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6

I basically agree with @John, let me expand: We want to model $y$ using a simple linear model, the most basic setup is $$ y = c + \mathbf{X}\beta $$ with $y$ the $N$ observations, $c$ a constant, $\mathbf{X}$ the $N \times M$ matrix of regressors and $\beta$ a $M$-dimensional vector of coefficients. This model has $M$ parameters, the elements of $\beta$. ...


6

This is the canonical Arrow-Pratt "portfolio" model. Couple of points on terminology: For a function $u$, we define the risk aversion function by $r_u(x):=-\frac{u''(x)}{u'(x)}$. In your utility function, $r_u(x) = \lambda$; hence, it is a constant absolute risk aversion utility and $\lambda$ is the "coefficient of risk aversion," not the "risk ...


5

The current jump in price is because one or more suppliers are dropping out. That shifts the supply curve to the left such that for the same demand for oil, the new price is now further up the steeper part of the curve (see the plots below). The demand for oil will react to that new price, but it takes time. Sorry that I don't have a more recent supply ...


4

This occurs because the price elasticity of demand for oil is near zero, which is to say the demand curve is nearly vertical. This is partly a limited rate of production story (i.e., in the short term the rate of oil production is fixed), but it's mostly a limited substitutes story. Our cars run on gas, as do the trucks that move goods around the nation and ...


4

This looks like a general equilibrium model in Economics. It should be described in most of microeconomics textbooks (e.g. this). Yes, you need a budget constraint here for$\ a$, otherwise your optimization problem makes no sense. Moreover, the household prefers consumption today to consumption tomorrow and, hence, you may want to enhance your model by ...


3

There are actually several different ways you could formulate this problem in game theoretic terms. Hoping this is not too basic an answer for you : from what you write, the two canonical approaches would be to frame things in terms of Cournot oligopolies (firms simultaneously set quantities and prices result from the market clearing condition supply=demand) ...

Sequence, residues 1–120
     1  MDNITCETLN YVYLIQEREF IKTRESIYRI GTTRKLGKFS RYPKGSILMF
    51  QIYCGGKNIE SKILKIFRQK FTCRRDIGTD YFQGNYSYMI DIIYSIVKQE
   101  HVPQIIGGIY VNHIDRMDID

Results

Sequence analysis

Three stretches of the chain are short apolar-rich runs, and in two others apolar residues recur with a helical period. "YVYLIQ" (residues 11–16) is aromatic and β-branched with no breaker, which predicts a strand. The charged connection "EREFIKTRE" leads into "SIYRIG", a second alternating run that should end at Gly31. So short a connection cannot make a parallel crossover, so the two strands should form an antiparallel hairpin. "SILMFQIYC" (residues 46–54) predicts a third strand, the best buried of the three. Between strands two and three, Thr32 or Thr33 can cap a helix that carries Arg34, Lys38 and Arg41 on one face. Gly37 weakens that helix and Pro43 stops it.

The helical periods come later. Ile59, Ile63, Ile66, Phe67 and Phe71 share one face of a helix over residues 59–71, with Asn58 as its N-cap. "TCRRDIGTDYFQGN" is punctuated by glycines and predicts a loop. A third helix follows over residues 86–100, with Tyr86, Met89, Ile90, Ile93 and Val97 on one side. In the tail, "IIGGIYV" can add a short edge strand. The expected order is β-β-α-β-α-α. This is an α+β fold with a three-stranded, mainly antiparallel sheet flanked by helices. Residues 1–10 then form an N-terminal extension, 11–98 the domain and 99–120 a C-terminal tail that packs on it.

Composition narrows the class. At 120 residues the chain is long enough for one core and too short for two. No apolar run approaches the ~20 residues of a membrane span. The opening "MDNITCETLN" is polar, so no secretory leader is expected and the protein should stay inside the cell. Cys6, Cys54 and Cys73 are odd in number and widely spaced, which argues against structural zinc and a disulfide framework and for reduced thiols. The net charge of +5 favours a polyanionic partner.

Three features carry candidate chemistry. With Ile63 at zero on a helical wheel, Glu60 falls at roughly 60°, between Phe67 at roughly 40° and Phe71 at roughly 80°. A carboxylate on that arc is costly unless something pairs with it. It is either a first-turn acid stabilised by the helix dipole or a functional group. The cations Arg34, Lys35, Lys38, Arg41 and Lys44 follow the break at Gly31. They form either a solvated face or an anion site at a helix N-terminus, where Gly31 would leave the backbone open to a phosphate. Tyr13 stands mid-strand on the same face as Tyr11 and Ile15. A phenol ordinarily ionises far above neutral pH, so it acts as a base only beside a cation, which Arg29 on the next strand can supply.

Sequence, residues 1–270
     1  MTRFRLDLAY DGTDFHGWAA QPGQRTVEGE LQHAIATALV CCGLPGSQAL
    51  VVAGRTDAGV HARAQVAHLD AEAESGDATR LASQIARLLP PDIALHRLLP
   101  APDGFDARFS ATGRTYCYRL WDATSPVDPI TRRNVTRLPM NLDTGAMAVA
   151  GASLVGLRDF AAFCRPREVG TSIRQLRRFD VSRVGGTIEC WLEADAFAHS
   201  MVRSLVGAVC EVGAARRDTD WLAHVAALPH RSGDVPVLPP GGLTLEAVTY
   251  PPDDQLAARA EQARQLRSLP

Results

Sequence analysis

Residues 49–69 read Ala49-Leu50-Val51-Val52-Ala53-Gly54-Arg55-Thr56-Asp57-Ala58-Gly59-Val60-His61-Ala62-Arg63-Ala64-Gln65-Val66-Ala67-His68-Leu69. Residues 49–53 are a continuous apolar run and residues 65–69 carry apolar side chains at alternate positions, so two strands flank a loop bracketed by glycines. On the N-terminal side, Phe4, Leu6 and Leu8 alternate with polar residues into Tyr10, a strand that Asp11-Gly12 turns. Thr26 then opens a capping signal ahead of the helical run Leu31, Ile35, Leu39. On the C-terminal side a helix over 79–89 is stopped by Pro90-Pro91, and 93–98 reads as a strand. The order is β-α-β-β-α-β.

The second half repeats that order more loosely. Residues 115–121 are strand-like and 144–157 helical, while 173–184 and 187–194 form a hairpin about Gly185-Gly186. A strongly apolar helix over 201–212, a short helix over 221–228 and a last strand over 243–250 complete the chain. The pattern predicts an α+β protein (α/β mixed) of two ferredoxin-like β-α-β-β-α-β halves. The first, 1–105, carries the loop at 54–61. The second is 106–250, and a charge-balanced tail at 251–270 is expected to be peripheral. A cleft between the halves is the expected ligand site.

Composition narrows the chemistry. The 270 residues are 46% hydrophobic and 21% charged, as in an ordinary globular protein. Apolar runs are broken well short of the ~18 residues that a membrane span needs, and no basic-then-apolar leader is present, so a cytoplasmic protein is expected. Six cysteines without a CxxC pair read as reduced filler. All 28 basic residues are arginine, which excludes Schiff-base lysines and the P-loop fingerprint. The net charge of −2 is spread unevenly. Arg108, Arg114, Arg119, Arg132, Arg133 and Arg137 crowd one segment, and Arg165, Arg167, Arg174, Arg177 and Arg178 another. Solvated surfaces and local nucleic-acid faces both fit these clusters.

3

That's the problem with China. The official data is nonsense, and the estimates of outsiders can change without warning. Here are some links: China Official Stats 1 China Official Stats 2 China Official Stats 3 More China Stats OECD CIA World Bank 1 World Bank 2 IMF CMF Changing Stats 1 Changing Stats 2 Changing Stats 3 - Copper Changing ...


3

demand surely decreases? Maybe this is not true because the high demand for oil? Demand for oil, like grains, is very inelastic. People have a very hard time changing their energy consumption habits when price shocks happen. Some of this is unwillingness to change, but a lot is that there are very few alternatives. Most people in the US live too far ...


3

What you are talking about is called regression using fractional polynomials and it has its merits. The canonical reference is this one: Regression Using Fractional Polynomials of Continuous Covariates: Parsimonious Parametric Modelling by Royston and Altman (1994) From the abstract: The relationship between a response variable and one or more ...


2

First, your statement that your utility function goes to infinity is wrong. It's minus exponenta. You can think of it as a minimum of $e^{f(x)}$ which is bounded below by zero whatever $f(x)$ is. In other words, your utility function is bounded above by 0. Second, maximizing expected value, you need to calculate it before deploying maximization techniques. ...


1

Here is the full math proof. Let g be the GMV portfolio and p be another asset. We have: $$ \begin{align*} Cov(x_g, x_p) &= E[{w_g}^T (x- \overline{x}) {(x- \overline{x})}^Tw_p]\\ &= {w_g}^TE[(x- \overline{x}) {(x- \overline{x})}^T]w_p\\ &= {w_g}^T\Sigma w_p \\ &= (\displaystyle\frac{{i}^T {\Sigma}^{-1}}{C})\Sigma w_p\\ &= ...


1

I agree with @MattWolf The graph you show is confusing and evil, it makes me feel dumb every time I look at it. So I inverted the axis. Now we see the familiar shape of an utility curve, discussed in your previous question. It is upward sloping at a declining rate. In this case $u$ takes the place of $R_p$ and the general form of mean variance utility is ...



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